Cassia Sticks (Quills) – 25g

$3.45

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Weight
25G

Product Description

Cassia sticks are closely related to cinnamon. The sticks have a reddish brown colour and a warm, mild and sweet flavour, though it is significantly stronger than cinnamon. It is widely used in the United States.

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Flavour Notes:

Cassia Sticks have a warm, mild and sweet flavour that’s similar to its relative Ceylon Cinnamon, though significantly stronger in flavour.

Culinary Notes:

Cassia Sticks, also referred to as ‘Chinese Cinnamon’, is an aromatic bark similar to its close relative Cinnamon. The differences lie in the flavor and aroma of the spices with Cassia being the stronger of the two. Whilst being minor, to savvy cooks, the marginal differences can make all the difference in a dish. One of our globe’s most versatile spices, Cassia Sticks can be used to impart a warm, spicy flavour to soups, sauces, braises, teas, desserts or even steeped in mulled wine or cider.

Health Benefits:

Cassia has many nutritional and health benefits due to the essential oils contained in its bark. It contains calcium and manganese as well as antioxidants. It helps to lower blood sugar and cholesterol and maintain heart health.

Ingredients:

100% dried Cassia sticks

country of origin:

Indonesia

other names or spelling:

Cassia Bark, Cinnamon Quills, Bakera’s Cinnamon, Bastard Cinnamon, Dutch Cinnamon, Cinnamomum burmanii, Canel, Canton Cassia, Cassia Bark, Chinese Cinnamon, Tramboon Cassia, Cassia quills

How to use

  • The sticks can be reused up to four times
  • Use to prepare hot drinks like tea, cocoa or coffee
  • Use in eggnog and desserts
  • Make traditional biryani
  • Use in curries with a strong flavour
  • Add whole during the cooking process to impart their flavour and remove before serving
  • For a standard-sized dish (about 4 people) only 1 quill is needed. If the dish is larger, or you’d like a strong cinnamon flavour, add 2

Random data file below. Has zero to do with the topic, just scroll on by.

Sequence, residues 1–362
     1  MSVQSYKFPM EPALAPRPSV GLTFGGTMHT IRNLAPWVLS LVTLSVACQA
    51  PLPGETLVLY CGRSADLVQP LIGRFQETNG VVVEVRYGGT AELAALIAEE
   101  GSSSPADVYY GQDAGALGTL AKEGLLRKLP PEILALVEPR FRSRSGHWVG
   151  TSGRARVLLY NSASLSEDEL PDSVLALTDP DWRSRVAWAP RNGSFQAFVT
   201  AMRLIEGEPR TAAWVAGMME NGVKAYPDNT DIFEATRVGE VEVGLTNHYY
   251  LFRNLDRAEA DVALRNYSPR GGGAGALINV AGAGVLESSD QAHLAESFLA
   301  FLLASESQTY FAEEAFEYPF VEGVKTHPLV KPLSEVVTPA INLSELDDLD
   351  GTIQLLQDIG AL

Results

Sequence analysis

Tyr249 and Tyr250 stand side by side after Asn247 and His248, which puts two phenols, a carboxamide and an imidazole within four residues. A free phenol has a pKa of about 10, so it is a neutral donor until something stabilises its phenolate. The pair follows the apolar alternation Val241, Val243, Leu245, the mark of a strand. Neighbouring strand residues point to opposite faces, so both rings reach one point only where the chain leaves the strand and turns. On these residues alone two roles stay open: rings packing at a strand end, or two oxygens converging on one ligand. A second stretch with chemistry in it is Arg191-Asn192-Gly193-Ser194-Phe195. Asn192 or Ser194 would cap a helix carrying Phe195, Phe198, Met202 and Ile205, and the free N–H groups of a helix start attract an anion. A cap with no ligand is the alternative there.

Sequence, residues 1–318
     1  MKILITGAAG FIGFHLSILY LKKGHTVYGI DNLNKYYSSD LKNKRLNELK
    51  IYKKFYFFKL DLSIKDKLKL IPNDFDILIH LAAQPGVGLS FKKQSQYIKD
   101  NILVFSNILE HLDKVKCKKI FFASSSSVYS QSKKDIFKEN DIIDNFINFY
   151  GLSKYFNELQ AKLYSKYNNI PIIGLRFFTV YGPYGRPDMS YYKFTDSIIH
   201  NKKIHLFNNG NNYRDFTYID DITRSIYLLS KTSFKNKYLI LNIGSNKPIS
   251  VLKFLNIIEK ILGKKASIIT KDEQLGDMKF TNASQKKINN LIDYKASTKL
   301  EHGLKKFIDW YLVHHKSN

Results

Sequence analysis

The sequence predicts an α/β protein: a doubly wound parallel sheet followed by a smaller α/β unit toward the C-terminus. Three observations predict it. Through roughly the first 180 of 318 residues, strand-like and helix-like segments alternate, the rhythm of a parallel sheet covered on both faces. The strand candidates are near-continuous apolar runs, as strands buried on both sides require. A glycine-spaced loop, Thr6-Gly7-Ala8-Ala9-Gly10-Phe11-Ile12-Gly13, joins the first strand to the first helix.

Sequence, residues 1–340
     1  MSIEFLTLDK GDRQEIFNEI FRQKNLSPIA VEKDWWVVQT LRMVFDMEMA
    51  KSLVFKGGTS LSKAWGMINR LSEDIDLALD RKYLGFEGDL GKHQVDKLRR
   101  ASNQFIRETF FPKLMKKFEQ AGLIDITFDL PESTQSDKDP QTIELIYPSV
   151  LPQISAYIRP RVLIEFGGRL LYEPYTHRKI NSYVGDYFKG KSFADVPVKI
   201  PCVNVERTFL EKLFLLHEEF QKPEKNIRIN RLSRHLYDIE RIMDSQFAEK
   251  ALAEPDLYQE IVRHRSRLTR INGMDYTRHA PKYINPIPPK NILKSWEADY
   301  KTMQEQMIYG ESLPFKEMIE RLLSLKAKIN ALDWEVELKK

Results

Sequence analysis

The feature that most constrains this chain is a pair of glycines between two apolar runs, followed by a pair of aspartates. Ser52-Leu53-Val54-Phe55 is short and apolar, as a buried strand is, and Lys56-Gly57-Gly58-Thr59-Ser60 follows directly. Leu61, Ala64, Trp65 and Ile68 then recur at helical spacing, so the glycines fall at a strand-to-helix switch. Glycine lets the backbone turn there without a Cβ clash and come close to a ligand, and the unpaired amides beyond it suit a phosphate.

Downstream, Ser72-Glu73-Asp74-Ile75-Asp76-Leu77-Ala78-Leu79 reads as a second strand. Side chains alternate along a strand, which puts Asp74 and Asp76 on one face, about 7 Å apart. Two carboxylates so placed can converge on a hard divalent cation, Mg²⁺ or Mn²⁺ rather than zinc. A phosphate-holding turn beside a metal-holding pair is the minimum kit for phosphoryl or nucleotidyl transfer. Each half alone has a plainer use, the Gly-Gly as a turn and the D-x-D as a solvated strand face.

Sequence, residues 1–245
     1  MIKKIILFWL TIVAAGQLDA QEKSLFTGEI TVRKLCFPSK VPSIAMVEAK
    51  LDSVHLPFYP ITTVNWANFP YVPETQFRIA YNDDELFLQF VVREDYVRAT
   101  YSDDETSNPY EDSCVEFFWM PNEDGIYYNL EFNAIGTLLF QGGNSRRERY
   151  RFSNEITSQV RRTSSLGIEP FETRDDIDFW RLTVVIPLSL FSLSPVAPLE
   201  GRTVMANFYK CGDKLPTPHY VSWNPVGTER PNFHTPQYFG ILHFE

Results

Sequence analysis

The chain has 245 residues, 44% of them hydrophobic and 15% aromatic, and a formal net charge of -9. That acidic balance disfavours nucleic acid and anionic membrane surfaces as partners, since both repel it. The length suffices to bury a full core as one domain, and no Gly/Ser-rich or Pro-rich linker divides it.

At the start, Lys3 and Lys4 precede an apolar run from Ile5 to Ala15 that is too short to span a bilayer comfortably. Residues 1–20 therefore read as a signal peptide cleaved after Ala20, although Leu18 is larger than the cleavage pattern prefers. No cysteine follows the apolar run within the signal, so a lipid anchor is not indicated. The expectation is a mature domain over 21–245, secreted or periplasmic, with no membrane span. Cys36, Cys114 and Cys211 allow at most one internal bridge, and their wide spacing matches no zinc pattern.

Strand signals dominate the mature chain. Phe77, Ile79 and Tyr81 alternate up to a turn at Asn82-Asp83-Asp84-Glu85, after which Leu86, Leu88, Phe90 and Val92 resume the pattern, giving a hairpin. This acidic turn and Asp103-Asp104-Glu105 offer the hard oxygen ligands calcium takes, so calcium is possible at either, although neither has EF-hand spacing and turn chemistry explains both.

Recipe/product links:

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The Spice People FAQs

You can easily find our Cassia Sticks in the spices section at your nearest grocery store or simply order them online from our website.

Cassia has a reddish-brown colour, while cinnamon has a warmer tone. Cassia has a stronger flavour, more coarse texture and bitter flavour than cinnamon. Both of them smell different.

Cinnamon quills are also called cinnamon sticks. These quills come in the form of tightly rolled dried bark. They add flavour to stews and curries and release a sweet aroma upon breaking.

Cassia cinnamon sticks have a single layer and are tough to break, whereas Ceylon cinnamon sticks are weak and have a number of layers. Ceylon cinnamon has a milder flavour.

The Spice People FAQs

Simple or smoke paprika along with cayenne pepper is the best alternative. Paprika tastes similar to Kashmiri Chilli, while cayenne paper adds to its spice.

Dried Kashmiri chilli is more flavorful than hot, ranging from 1,000-2,000 Scoville Heat Units. It’s mildly hot but not too spicy.

These spices are different. Paprika is the sweet cousin of Kashmiri chilli specific to western cuisine. Kashmiri chilli popular in Indian cuisine and is hotter than paprika.